ALSO before you swap the 15 amp circuit you may want to verify that the wire supplying the circuit is 12/2 and not 14/2, since I don't recommend using a 20 amp breaker with 14/2 wiring... Its just a hunch but I don't think that a microwave should be run off of 14/2. If its a 15 amp breaker then theres a chance that the electrician has 14/2 wire running from it, since 20 amp breakers are the norm for 12/2 with outlets and 15 amp breakers with 14/2 wire is generally used for lighting.

PS Be sure to turn off the main breaker, before you pull the breaker in question and BE CAREFUL!

Mod Note: For a general purpose circuit #12 or larger needs to be used for a 20 amp circuit.
 

Last edited by pcboss; 04-07-15 at 07:07 AM. Reason: added mod note
  #3  
Old 04-07-15, 03:59 AM
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ALSO before you swap the 15 amp circuit you may want to verify that the wire supplying the circuit is 12/2 and not 14/2, since I don't recommend using a 20 amp breaker with 14/2 wiring
How do I find out if it is 12/2 or 14/2? I don't know if this makes any difference but this circuit has only outlets and no switches for lighting.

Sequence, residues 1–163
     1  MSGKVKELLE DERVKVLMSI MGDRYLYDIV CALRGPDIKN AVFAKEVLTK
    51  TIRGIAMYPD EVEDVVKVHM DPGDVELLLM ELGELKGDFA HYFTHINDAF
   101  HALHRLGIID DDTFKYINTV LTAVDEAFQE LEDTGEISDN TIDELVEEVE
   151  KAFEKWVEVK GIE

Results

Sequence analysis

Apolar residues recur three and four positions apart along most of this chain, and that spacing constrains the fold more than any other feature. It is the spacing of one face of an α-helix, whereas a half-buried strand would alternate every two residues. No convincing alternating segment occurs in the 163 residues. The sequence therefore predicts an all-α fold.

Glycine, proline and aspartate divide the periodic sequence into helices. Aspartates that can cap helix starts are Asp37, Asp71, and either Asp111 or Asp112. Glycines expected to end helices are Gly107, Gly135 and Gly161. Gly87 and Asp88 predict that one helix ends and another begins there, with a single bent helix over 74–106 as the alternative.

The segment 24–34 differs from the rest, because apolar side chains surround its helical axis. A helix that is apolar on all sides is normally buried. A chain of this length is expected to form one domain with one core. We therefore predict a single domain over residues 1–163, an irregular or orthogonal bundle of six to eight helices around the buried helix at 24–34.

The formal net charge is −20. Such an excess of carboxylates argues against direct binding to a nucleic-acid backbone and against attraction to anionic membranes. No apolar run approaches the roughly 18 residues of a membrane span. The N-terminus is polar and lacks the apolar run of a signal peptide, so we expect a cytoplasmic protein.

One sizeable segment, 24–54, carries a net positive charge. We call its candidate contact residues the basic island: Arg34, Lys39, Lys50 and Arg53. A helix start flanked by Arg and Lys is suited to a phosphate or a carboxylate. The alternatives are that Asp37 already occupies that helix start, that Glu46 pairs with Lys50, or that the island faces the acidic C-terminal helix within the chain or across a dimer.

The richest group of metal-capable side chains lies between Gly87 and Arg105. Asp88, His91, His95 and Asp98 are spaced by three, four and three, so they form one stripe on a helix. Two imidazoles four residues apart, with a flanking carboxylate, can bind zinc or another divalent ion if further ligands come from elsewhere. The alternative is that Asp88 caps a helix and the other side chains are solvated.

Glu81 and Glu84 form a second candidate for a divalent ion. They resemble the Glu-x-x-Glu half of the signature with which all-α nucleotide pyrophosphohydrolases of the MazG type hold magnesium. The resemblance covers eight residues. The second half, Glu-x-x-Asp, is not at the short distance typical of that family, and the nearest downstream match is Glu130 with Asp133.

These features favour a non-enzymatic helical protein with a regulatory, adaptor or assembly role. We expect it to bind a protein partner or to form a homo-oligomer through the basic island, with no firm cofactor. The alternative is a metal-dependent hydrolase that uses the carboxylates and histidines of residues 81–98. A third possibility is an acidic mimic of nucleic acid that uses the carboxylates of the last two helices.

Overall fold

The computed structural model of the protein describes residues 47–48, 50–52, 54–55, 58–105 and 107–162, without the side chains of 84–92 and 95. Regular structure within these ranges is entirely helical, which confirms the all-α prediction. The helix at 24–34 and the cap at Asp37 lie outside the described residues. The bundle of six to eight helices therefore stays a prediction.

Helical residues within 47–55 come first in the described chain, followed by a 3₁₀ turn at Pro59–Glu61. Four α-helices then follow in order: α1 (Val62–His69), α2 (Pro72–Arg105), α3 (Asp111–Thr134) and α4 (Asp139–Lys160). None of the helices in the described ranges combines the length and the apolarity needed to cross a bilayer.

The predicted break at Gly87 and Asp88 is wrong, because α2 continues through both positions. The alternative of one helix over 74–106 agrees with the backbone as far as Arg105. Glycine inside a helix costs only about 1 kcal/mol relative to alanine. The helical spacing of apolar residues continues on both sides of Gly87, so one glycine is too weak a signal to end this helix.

If new wiring needs to be done, I will call the electrician since I have no electrical knowledge. Just started to learn from here. But, if it is just changing the breaker, I will go for it. In any case, I want to be knowledgeable before calling the electrician.
 
  #4  
Old 04-07-15, 05:56 AM
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How old is this house? If it is Romex you may be able to read the wire size on the outside of the cable if any of it is exposed.
Geo
 
  #5  
Old 04-07-15, 06:09 AM
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Unless you have 12-2 you should not be changing the breaker to a 20 amp.
If you did that the wire becomes the fuse and could burn up before the breaker tripped.
Also there's not need to change the outlet to a 20 amp. A 15 amp. is legal and save to use.